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Ingeborg van Schayk's blog

Last week at MalariaWorld: Daily updates from the MalariaWorld Congress

July 5, 2018 - 21:54 -- Ingeborg van Schayk

1st Malaria World Congress: Daily updates

“Australia is deeply committed to eliminating malaria once and for all and the people in this room can help us achieve this goal,” said Hon Julie Bishop MP, Australian Minister for Foreign Affairs. “Diseases like malaria know no borders and health security is a global challenge. We need to operate transnationally.”

“It takes vision from our leaders to project themselves into the future and determine what resources are required to keep the momentum towards elimination” - Dr Jimmie Rodgers

“To end malaria there is need for vision, commitment and people to lead that vision as seen when the first person landed on the moon.” - Sir Richard Feachem

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Press release: Researchers receive $10.2 million to study new malaria-prevention method

December 11, 2015 - 06:43 -- Ingeborg van Schayk
UNIVERSITY PARK, Pa. -- In collaboration with partners in Europe and Africa, researchers at Penn State have received a five-year, $10.2-million grant from the Bill & Melinda Gates Foundation to investigate a new method for preventing the transmission of malaria. The method involves limiting mosquito access to houses by blocking openings and installing "eave tubes" that contain a unique type of insecticide-laced mosquito netting developed by Dutch partner In2Care that kills the insects as they attempt to enter. 
 

Looking back at MIM2018: Some food for thought

April 26, 2018 - 20:26 -- Ingeborg van Schayk

I visited the largest malaria conference on the African continent. More than 2.000 malaria professionals gathered in Dakar for the 7th Multilateral Initiative on Malaria Conference. Every day started with a plenary session presented by 2 keynote speakers: 12 keynote addresses by 12 renowned scientists. But... only 2 were African.

How One Child’s Sickle Cell Mutation Helped Protect the World From Malaria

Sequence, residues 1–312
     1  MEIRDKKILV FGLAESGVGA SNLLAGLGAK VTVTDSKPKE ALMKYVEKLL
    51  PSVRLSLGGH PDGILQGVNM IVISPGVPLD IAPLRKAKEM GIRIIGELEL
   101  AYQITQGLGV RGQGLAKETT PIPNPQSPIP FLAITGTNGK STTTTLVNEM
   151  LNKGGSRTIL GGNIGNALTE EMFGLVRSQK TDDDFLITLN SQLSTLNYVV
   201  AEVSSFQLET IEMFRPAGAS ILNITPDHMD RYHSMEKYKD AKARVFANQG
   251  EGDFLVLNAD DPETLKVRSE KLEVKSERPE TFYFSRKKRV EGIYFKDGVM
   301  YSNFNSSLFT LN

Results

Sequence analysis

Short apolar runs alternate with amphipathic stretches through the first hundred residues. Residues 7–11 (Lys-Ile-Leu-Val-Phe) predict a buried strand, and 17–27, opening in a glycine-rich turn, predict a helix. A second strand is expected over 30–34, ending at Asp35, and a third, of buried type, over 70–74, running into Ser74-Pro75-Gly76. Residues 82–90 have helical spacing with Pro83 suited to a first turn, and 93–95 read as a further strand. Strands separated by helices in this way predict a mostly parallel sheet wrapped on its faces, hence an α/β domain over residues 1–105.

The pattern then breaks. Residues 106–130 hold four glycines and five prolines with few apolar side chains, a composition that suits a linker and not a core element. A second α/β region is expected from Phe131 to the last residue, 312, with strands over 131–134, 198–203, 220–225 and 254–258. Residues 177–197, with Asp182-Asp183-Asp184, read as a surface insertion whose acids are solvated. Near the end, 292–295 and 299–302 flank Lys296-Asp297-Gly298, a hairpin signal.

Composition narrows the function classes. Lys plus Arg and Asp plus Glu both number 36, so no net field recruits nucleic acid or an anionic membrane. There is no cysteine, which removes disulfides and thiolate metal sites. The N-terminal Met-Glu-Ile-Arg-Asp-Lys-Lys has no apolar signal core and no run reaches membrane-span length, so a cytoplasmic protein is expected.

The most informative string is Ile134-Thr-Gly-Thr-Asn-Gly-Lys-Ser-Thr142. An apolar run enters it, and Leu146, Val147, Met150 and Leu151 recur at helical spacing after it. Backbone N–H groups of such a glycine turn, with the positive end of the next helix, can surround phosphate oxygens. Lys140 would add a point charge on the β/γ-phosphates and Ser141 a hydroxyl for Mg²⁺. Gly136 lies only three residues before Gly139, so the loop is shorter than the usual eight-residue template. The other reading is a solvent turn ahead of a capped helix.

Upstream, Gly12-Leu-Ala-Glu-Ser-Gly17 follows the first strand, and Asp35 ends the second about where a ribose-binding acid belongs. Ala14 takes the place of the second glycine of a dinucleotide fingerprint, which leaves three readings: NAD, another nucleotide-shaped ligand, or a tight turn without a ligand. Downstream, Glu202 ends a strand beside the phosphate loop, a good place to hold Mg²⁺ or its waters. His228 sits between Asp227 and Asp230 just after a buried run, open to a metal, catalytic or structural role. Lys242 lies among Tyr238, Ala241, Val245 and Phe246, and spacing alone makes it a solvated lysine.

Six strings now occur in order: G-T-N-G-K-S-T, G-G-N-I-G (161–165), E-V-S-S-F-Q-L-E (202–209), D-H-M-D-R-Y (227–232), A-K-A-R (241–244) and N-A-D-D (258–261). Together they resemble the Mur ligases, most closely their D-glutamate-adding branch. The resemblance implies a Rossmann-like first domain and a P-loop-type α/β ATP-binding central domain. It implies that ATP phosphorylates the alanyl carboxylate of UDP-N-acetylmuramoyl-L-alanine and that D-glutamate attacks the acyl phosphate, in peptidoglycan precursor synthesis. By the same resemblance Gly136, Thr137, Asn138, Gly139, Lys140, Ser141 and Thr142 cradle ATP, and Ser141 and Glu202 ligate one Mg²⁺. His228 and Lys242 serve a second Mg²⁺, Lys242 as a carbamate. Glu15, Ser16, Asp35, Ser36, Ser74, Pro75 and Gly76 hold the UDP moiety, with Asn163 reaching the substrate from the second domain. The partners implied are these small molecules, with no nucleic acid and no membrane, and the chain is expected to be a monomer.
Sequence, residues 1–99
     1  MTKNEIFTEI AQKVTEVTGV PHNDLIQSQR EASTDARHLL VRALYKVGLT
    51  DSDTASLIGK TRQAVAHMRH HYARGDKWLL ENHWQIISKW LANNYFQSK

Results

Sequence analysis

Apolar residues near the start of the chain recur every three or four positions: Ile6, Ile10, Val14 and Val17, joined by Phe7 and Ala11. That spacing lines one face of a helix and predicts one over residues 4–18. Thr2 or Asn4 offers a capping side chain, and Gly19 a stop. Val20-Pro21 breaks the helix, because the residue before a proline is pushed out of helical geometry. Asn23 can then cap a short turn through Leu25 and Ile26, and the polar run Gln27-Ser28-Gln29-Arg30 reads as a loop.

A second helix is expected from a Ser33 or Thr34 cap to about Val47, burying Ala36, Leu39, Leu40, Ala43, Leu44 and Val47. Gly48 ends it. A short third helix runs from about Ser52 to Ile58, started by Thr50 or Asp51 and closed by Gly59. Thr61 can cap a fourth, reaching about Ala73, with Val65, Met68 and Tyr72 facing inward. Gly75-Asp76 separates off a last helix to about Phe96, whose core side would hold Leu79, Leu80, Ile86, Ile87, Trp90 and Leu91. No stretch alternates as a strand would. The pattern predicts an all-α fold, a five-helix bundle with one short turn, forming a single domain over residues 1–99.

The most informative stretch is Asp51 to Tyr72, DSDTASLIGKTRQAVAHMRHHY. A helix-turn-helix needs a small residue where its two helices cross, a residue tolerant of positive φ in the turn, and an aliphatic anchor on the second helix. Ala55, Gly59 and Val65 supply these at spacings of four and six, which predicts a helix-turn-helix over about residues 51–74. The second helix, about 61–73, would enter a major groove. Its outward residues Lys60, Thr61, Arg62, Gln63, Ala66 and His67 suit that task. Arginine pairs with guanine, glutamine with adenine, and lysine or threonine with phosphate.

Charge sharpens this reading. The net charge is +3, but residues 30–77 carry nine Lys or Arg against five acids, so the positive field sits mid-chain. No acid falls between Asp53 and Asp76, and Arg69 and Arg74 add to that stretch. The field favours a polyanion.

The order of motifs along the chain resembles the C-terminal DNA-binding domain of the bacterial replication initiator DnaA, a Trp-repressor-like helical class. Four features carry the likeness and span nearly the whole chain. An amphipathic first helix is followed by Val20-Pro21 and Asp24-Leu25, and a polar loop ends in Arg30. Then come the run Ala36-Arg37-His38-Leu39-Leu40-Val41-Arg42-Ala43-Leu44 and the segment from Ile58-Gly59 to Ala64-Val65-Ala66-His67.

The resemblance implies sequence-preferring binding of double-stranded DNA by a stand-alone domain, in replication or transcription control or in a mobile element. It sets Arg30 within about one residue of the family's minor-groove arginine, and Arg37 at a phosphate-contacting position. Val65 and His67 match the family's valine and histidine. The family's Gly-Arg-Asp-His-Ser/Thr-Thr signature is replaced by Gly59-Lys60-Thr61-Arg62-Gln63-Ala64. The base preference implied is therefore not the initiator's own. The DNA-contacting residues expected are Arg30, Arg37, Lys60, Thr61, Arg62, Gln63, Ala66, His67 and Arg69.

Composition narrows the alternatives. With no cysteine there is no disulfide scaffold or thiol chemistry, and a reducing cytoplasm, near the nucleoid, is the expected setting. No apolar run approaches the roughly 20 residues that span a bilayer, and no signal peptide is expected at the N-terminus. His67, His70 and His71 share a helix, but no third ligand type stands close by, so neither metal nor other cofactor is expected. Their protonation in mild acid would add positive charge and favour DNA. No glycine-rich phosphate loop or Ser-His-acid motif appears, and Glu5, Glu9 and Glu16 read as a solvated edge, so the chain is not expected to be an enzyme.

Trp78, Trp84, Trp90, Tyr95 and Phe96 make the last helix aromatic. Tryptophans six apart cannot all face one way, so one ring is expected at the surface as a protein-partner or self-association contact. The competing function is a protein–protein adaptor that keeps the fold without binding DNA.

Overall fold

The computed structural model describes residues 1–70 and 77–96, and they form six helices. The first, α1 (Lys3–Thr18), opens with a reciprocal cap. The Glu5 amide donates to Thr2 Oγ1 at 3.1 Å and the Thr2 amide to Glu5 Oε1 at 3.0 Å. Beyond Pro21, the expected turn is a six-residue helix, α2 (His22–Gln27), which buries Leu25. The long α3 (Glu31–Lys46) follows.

March 13, 2018 - 17:25 -- Ingeborg van Schayk

8 March 2018, Carl Zimmer (New York Times)

The genetic mutation arose 7,300 years ago in just one person in West Africa, scientists reported on Thursday. Its advantage: a shield against rampant malaria.

Thousands of years ago, a special child was born in the Sahara. At the time, this was not a desert; it was a green belt of savannas, woodlands, lakes and rivers. Bands of hunter-gatherers thrived there, catching fish and spearing hippos.

Building out vector-borne diseases in Africa – launch of new research network and funding call!

September 8, 2017 - 07:44 -- Ingeborg van Schayk

Durham University and University College London are pleased to announce the establishment of a new multi-disciplinary research network called the BOVA (Building out vector-borne diseases in sub-Saharan Africa) Network. 

Video from #Malaria Consortium Fighting Malaria in the Sahel

August 11, 2017 - 16:11 -- Ingeborg van Schayk

For the 25 million children who live across the Sahel, where there is a seasonal surge in malaria incidence, the World Health Organization recommends seasonal malaria chemoprevention (SMC) as an effective tool in the fight against malaria. Approximately 12 million children were protected through SMC programmes in 2016, with over 6.4 million children covered through the ACCESS-SMC project, funded by UNITAID and led by Malaria Consortium in partnership with Catholic Relief Services. 

Special message for medical entomologists in Africa | Message spécial pour les entomologistes médicaux en Afrique

August 11, 2017 - 09:31 -- Ingeborg van Schayk

We are excited to start a survey for the Pan African Mosquito Control Association (PAMCA), sponsored by the Bill & Melinda Gates foundation. PAMCA is currently establishing a database of all institutions and individual scientists operating in the field of medical entomology, in particular mosquito borne diseases, across Africa.

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